Interview: Konstantin Vaysman, chairman of Mobile Finance Group – financial inclusion
In an exclusive interview Konstantin Vaysman, chairman of Mobile Finance Group, talks to FinTech Futures about the role of mobile financial services (MFS) in speeding up financial inclusion and how they can be successfully launched.
FinTech Futures: Why is it important to make it easier for unbanked/underbanked consumers to access banking services?
Konstantin Vaysman: According to the most recent data from the World Bank, approximately 1.7 billion adults were unbanked in 2017. MFS have the capacity to bring financial products and services to large segments of this unbanked population.
Access to financial services reduces poverty and inequality at individual, community and even national level by helping people safeguard their savings, manage financial shocks via access to credit and even start businesses through funding from micro-finance loans. They can also make cheaper domestic and cross-border payments and receive social welfare payments more easily.
FF: Why is MFS the best option for boosting financial inclusion?
KV: The traditional bricks-and-mortar banking model is a costly solution to giving people access to financial services, especially in rural areas. As the number of bank branches declines, the number of people with access to a mobile phone continues to grow.
A report issued by the GSMA in February noted that the mobile money industry is already processing more than $1.3 billion of transactions every day across 866 million mobile money accounts worldwide. Mobile money supports digital identification (enabling consumers to open an account without having to visit a branch) and breaks the monopoly of banks on the provision of financial services.
MFS is also compatible with the open banking initiatives underway in many countries that allow third parties to access customer account information, enabling consumers to manage multiple accounts from a single digital wallet.
FF: What are the key elements of an MFS strategy?
KV: This will depend on which industry the prospective service provider operates in and the purpose of the service. For example, it might be a digital transformation play for a bank; a complimentary service to create an additional revenue stream; a service to replace lost revenue from other services (as we see with telecoms companies in particular); or a product for a new service provider.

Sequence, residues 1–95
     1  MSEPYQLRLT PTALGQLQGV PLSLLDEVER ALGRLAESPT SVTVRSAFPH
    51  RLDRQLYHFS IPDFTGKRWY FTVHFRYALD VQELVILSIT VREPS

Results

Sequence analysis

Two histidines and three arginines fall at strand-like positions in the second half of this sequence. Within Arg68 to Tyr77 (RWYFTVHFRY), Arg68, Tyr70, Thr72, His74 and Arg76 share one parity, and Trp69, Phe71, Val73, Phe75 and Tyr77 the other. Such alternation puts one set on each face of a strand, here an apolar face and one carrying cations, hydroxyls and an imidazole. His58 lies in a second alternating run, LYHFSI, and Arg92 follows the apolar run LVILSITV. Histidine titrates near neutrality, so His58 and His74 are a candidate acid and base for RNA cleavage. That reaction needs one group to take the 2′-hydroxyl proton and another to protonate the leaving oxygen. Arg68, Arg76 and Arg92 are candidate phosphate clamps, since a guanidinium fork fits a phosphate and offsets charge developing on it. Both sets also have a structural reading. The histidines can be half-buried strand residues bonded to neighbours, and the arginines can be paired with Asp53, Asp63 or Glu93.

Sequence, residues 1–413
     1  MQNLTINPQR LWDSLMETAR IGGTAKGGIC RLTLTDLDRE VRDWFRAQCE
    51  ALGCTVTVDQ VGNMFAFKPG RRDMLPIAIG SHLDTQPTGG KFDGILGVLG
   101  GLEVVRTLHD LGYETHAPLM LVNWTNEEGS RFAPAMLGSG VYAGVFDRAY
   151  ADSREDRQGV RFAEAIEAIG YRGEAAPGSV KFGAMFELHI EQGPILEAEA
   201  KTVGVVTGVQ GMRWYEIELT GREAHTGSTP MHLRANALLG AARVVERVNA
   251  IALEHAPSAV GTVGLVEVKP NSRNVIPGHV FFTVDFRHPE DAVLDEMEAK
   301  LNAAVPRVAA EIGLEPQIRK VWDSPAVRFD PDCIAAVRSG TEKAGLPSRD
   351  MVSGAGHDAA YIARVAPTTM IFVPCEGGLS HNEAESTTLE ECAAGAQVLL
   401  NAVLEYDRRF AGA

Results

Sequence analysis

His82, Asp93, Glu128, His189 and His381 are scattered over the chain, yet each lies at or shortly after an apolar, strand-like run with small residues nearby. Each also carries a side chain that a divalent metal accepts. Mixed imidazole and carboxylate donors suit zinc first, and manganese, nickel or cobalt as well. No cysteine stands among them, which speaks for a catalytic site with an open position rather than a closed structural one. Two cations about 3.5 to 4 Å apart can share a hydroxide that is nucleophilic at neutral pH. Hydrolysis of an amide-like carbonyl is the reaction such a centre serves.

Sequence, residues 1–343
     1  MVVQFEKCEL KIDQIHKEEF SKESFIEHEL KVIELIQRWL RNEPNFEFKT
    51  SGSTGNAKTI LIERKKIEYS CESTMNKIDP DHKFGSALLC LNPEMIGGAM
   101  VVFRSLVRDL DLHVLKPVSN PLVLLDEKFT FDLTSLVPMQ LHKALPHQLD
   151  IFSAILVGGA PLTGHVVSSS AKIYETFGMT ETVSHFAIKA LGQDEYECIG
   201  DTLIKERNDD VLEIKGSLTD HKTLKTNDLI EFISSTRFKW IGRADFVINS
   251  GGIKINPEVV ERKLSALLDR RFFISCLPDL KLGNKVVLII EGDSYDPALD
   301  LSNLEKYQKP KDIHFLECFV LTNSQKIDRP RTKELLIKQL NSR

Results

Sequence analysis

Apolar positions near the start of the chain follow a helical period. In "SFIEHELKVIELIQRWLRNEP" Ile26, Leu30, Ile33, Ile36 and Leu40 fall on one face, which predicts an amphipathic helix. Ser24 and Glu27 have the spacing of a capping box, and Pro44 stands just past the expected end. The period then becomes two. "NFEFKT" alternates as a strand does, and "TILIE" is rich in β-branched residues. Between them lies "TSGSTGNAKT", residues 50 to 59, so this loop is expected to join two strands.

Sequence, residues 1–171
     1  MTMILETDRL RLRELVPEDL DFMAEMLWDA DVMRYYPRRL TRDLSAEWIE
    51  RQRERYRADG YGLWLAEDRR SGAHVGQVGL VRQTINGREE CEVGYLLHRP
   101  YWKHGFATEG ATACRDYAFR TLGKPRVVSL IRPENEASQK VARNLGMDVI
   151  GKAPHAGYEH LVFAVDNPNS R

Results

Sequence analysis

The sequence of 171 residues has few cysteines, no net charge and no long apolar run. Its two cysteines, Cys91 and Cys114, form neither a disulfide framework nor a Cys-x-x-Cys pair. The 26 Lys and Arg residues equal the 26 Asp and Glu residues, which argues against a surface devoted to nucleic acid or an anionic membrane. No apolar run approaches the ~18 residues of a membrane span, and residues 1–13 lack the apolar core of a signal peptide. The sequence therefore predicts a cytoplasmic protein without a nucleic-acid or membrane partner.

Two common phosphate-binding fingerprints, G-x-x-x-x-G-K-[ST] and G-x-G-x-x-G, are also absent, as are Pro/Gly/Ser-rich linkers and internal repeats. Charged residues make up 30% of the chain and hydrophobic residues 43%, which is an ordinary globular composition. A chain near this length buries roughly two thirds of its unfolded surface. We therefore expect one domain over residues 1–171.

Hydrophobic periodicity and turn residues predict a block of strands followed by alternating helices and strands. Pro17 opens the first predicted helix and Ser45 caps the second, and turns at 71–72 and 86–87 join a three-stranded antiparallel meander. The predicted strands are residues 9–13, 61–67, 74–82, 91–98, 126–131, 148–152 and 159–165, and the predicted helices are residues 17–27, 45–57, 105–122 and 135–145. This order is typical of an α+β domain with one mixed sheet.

The first step in rolling out MFS is understanding the opportunities that exist in the financial services sector in each market. The next factor is regulation – ensuring that the market framework is ready for remote identification/digital onboarding and checking whether a financial services licence is required.
The most successful application of mobile money to date is the M-Pesa service developed by mobile operator Safaricom in Kenya. Mobile money now generates 30% of Safaricom’s total revenues.
FF: What are the benefits to companies of partnering with an established provider such Mobile Finance Group rather than developing their own platform?
KV: There are various reasons why MFS providers fail, including insufficient resources and lack of commitment from senior management. Another common shortcoming is insufficient understanding of the products that should be included within the wallet and lack of experience in developing and monetising financial products.
MFS providers benefit from partnering with an established mobile wallet developer rather than developing their own platform by getting to market more quickly – typically within three to six months.
We see ourselves as a business development provider, delivering not only technical expertise but also the ability to connect market participants (such as merchants and financial institutions) and expertise across the financial services sector as well as marketing and data analytics support.
FF: What will be the next major development in mobile payments and digital wallets?
KV: Our vision for the future of mobile wallets is a one-stop-shop for financial and non-financial services.
A key trend for MFS launched by mobile network operators is cross-border and domestic interoperability, the ability to move money from traditional bank accounts to mobile-based accounts and vice versa.
Virtualisation of credit cards is another emerging trend, one we expect to lead to the disappearance of physical credit cards within the next five to seven years.
These developments are part of a wider trend towards the emergence of a digital ecosystem, which is already happening in China with WeChat and Alipay and has created a digital marketplace where customers can purchase a wide range of products. We have also seen merchants such as Walmart in the US creating their own mobile wallet platform.
FF: How has your background influenced the development of Mobile Finance Group?
KV: Before founding Mobile Finance Group, which works under Wallet Factory brand, I held various board and top executive positions in banks and financial institutions over more than 25 years. I increasingly realised that fintechs were the future of financial services and have used my management experience, industry knowledge and IT background to create an international MFS company.
In 2018 I moved to Cyprus to boost development of Mobile Finance Group on the global markets. The future potential of this sector is limitless.